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What’s the Difference Between Travel, Local & International Health Insurance?

The difference between travel insurance and international health insurance can be confusing for expats and frequent travellers. Both types of insurance are designed for people who are living & working abroad, but each has a different purpose. There is also a local health insurance option. This article will help you make an informed choice on the right insurance cover for your needs.

Sure, both travel insurance and international health insurance will cover you when you’re spending time abroad. And you may have some cover in your home country with a local health insurance policy. But having the wrong cover might leave you with unexpected medical expenses when you’re living, working or travelling abroad.

So, what product covers you best for which circumstances? On this page, we’ll help you understand the similarities and differences between these various health insurance products, so you can make an informed decision and stay safe.

How are local and international health insurance different?

What is local health insurance?

Local health insurance (also known as domestic health insurance) gives you cover for private healthcare in a single country. Your level of cover depends on the plan you purchase. People who want cover only for serious health risks will typically buy an in-patient plan, which covers them if they need hospital admission. People who expect to visit their doctor or local clinic regularly will typically purchase a comprehensive plan, which covers them for regular out-patient treatments and visits. And, of course, health insurance means different things in different countries:

  • In countries like the UK, New Zealand, Italy, and the Iberian countries, there is a well-developed public healthcare system. These systems typically deliver treatment to patients free of charge. Rather, taxpayers pay a national insurance contribution, which helps fund the public healthcare system and gives them access to high-quality medical treatment that’s free at the point of delivery. It stands to reason that, in such countries, private health insurance is a less common thing to have. The Commonwealth Fund estimates that only around 10% of the UK population has private health insurance.*
  • It’s a different story in countries like the USA, where there is no public healthcare system. In the USA, all access to healthcare requires some form of health insurance. Given that health and well-being are typically bundled together with models for human rights by international organisations such as the UN and the WHO, it’s easy to see why the provision of healthcare can be a sensitive political issue in countries with an underdeveloped or no public healthcare system.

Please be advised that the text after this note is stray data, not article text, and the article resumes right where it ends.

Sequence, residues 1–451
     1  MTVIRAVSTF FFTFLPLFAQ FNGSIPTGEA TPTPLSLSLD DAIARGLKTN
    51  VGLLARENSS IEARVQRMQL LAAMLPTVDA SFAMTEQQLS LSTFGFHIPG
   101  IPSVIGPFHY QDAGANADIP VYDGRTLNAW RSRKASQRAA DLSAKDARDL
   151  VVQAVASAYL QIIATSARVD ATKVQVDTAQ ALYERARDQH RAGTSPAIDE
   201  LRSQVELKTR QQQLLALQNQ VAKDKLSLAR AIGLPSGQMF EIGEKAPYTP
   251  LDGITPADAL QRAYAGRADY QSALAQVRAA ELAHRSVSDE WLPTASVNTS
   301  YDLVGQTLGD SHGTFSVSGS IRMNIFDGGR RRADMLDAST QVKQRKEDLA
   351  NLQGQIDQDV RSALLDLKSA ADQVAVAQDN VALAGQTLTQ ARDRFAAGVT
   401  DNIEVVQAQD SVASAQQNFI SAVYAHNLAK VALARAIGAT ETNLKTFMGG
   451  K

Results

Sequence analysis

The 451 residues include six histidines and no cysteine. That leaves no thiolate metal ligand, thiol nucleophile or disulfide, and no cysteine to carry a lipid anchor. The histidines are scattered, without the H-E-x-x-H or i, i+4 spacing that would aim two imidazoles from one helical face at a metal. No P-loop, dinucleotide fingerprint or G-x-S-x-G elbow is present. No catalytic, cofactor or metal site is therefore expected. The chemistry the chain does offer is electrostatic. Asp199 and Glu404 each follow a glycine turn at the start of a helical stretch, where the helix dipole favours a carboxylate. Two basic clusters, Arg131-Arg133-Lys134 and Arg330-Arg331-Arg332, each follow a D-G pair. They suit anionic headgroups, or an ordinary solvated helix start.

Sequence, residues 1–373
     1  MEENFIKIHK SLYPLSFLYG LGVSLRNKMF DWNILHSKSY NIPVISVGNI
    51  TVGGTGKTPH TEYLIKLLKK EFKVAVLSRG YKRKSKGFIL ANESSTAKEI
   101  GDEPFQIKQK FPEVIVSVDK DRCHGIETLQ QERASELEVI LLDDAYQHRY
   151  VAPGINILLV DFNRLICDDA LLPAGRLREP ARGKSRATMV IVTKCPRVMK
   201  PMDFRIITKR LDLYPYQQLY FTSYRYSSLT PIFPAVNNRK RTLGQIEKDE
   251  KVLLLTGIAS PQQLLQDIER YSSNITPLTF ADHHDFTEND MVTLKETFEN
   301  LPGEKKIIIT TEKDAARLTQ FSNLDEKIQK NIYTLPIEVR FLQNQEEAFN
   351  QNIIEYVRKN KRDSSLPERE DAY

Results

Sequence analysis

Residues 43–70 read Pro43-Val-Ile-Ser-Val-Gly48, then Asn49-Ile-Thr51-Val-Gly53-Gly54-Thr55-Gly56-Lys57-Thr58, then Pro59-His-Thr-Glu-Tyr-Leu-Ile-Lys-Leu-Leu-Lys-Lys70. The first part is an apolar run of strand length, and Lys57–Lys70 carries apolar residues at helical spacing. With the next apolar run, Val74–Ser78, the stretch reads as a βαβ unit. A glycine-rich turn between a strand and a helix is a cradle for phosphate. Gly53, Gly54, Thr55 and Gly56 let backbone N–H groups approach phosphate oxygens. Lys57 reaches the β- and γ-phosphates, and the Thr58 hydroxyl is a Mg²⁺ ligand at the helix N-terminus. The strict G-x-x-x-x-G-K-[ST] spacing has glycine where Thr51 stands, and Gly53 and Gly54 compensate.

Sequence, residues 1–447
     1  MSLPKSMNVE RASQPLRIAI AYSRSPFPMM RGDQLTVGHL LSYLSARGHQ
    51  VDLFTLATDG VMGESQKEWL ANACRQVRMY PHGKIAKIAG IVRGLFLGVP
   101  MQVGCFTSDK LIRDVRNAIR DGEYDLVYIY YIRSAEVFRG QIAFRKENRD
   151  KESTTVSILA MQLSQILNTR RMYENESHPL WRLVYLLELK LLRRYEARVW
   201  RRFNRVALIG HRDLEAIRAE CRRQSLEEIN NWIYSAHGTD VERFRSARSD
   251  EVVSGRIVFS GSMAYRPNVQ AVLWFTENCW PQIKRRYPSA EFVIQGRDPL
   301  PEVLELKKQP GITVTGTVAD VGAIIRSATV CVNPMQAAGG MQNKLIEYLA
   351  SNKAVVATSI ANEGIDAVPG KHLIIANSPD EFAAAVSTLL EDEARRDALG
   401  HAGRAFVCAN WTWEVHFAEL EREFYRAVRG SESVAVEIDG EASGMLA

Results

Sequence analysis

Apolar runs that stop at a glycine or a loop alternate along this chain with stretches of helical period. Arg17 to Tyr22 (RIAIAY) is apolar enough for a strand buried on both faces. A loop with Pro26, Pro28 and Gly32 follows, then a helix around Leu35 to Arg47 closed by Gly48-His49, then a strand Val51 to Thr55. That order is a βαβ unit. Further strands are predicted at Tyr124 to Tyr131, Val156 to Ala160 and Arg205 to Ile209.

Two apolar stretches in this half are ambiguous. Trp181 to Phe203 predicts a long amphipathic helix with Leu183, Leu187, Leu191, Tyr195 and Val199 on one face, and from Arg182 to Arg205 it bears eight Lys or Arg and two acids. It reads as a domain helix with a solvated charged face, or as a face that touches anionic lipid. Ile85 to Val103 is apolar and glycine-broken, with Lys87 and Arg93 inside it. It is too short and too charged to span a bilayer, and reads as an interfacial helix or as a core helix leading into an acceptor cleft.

• Some countries such as France have something in between these two models, whereby public healthcare is largely provided by the market under the authorisation and supervision of the government.

What is international health insurance?

International health insurance gives you access to private healthcare in multiple (or even all) countries. It’s great for people who live and work abroad, for people who spend lots of time travelling, and for people who frequently require cover in more than one country. You can also cover your spouse or partner and children in the same way you can with local health insurance.
The benefits are more or less the same with international and local health insurance, but you’ll find some international health insurance policies that include unique benefits for expats and international citizens. These unique benefits typically include emergency medical evacuation, a 24-hour emergency assistance helpline, and cover for repatriation. Some international health insurance providers also give their members access to a global network of hospitals and medical facilities. Such networks can make finding and receiving private medical treatment in a foreign country a lot easier.

How does international health insurance differ from local health insurance?

Naturally, local health insurance is cheaper. But expats, international citizens, and frequent travellers are generally better off with the services and products offered by specialist international health insurance providers.

  • Local health insurance providers typically work in the language of the country where the provider is based, so the customer service, policy wording, and claims process may be in a language with which you’re not familiar.
  • You may also find that local health insurance policies entitles you only to treatment in a limited number of hospitals and clinics, and it may restrict your cover in the more expensive private hospitals.
  • With international health insurance, you’ll have freedom to seek medical treatment in multiple countries.
  • International health insurance providers are generally able to communicate with you in English.
  • With an international health insurance policy, you’ll usually have access to the top tier of hospitals, doctors, and medical facilities in the country where you’re living or working.
  • International health insurance often covers you for private medical treatment in your home country. This gives you the option to return home for elective medical treatment.

Even when you need medical treatment at home, it can be a stressful experience. So, when you need treatment in a foreign country and you’re dealing with unfamiliar hospitals and doctors, international health insurance can help minimise anxiety and distress. With international health insurance, you’ll generally have access to private hospitals and clinics, with expert doctors who speak good English.